Training camps are a stressful time of year for both coaches and players. The athletes are exposed to an abrupt increase in training loads that may put them at risk of overtraining or injury. Therefore, it is critical that coaches manage loads and monitor players to prevent this from occurring. A known symptom of overtraining is poor sleep quality. This may include difficulty falling asleep, restless sleep, periodic wake-ups, etc. This is particularly concerning for coaches due to the integral role that sleep has on restoring homeostasis (i.e., recovery) and facilitating the build-up and repair of damaged muscle tissue. But it’s important to consider that poor sleep quality may be a cause of overtraining in some cases rather than a symptom.
A new study published ahead of print in the Journal of Biological and Medical Rhythm Research investigated the sleep patterns of 55 national-level junior rowers (~17 years old) throughout a 4-week training camp. Subjective recovery status via questionnaire and objective sleep quality were obtained daily throughout the camp. Sessions began at 6:30 am and 2-4 sessions were held per day. While training volume and intensity were higher in the first 2 weeks, less overall sleep time was observed. During the second two weeks of camp, less sessions per day were held and total sleep time improved. In the event that sleep time was delayed by ~90 min, morning recovery and mood ratings worsened. Perceived recovery and mood scores were higher on the mornings of rest days where the athletes slept in until 8:00 am rather than having to wake up at 5:00 am. Significant relationships were found between perceived restful sleep and falling asleep quickly in addition to having few awakenings.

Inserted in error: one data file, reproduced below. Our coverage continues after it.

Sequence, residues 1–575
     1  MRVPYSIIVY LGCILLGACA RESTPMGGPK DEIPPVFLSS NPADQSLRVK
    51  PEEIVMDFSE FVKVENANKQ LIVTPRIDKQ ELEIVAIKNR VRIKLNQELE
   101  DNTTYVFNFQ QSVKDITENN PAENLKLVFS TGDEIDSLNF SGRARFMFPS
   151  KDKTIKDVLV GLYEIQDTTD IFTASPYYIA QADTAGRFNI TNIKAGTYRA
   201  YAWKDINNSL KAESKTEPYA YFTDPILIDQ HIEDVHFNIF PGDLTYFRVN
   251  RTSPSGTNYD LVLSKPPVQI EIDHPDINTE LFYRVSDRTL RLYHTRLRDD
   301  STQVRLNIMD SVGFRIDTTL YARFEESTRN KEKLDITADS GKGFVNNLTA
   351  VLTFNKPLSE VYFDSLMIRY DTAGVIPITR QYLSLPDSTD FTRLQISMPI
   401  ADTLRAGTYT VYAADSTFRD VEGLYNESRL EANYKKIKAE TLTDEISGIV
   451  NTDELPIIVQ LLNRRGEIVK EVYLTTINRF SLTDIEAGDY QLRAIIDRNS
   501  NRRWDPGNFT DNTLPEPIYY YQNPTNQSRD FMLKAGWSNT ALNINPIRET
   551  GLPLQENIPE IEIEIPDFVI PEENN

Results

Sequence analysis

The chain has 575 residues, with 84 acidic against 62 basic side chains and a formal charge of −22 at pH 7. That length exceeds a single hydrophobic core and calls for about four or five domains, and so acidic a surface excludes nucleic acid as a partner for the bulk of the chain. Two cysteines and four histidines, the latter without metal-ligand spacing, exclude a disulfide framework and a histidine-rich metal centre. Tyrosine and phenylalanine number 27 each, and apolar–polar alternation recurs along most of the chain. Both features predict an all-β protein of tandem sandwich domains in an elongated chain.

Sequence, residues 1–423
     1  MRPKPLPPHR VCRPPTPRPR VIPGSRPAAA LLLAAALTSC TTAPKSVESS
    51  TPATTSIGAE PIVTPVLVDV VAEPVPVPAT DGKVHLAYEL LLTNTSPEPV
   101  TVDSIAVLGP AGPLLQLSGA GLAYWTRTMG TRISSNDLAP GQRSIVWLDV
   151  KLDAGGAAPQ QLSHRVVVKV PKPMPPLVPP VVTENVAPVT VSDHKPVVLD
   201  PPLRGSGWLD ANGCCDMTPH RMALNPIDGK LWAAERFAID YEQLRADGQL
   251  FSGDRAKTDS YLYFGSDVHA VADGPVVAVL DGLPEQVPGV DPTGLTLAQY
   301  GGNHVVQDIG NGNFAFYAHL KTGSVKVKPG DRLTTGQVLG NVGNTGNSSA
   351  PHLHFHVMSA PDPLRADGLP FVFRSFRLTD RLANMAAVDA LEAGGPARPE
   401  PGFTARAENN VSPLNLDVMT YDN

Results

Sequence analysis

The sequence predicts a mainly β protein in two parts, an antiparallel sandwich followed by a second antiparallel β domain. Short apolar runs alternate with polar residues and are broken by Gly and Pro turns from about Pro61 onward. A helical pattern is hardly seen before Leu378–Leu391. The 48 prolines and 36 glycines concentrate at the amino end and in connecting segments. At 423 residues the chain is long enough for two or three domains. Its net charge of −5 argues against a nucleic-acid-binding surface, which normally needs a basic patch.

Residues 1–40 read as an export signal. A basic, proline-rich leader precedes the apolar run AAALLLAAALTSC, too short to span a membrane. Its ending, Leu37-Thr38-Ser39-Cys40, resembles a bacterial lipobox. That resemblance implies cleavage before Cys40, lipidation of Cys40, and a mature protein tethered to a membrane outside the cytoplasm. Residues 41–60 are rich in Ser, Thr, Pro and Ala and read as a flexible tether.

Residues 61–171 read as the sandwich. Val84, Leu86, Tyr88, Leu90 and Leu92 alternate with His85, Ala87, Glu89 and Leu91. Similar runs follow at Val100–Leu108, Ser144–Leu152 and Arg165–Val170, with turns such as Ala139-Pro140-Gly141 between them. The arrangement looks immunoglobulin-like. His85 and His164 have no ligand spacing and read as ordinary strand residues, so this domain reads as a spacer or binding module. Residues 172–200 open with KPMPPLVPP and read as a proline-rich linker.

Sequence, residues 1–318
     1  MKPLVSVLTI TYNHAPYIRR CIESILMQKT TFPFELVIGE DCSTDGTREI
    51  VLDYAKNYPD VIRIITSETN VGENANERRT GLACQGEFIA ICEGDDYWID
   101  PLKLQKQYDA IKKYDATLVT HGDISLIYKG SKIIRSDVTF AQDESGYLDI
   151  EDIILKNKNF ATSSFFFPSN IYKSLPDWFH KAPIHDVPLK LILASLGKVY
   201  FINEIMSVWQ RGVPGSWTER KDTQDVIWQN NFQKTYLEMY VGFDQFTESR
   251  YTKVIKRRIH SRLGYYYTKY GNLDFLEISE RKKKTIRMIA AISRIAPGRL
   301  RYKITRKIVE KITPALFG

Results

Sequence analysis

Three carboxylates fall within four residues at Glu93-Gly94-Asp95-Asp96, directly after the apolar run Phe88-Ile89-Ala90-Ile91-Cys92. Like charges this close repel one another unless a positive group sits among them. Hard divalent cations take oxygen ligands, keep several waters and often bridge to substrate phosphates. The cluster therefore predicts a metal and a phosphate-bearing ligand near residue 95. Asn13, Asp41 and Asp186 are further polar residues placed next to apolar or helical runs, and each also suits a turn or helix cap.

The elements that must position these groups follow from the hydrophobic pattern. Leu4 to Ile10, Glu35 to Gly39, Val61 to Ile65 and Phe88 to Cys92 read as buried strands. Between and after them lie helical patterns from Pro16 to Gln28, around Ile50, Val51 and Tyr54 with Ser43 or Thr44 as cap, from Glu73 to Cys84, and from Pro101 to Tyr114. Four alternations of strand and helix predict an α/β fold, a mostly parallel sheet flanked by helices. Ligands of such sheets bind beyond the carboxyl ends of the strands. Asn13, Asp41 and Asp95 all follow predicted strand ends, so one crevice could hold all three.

Overall, the results demonstrate the importance of sleep quality on perceived recovery in athletes during intensive training periods. Facilitating better sleep habits for the athletes may therefore improve training quality and adaptation. Providing comfortable sleep arrangements, mandating early bed times and if possible, not having super early wake-up times can be helpful for improving sleep quality and quantity. Having your athletes report to camp in great physical condition may also be an important strategy for reducing training related sleep deficits. Their work capacity will be higher and therefore they will be able to tolerate greater loads. Needless to say, sleep plays a crucial role in the recovery process that coaches need to be aware of and address to optimize training and to keep their athletes healthy.
Kölling, S., Steinacker, J. M., Endler, S., Ferrauti, A., Meyer, T., & Kellmann, M. (2016). The longer the better: Sleep–wake patterns during preparation of the World Rowing Junior Championships. Chronobiology international, 1-12.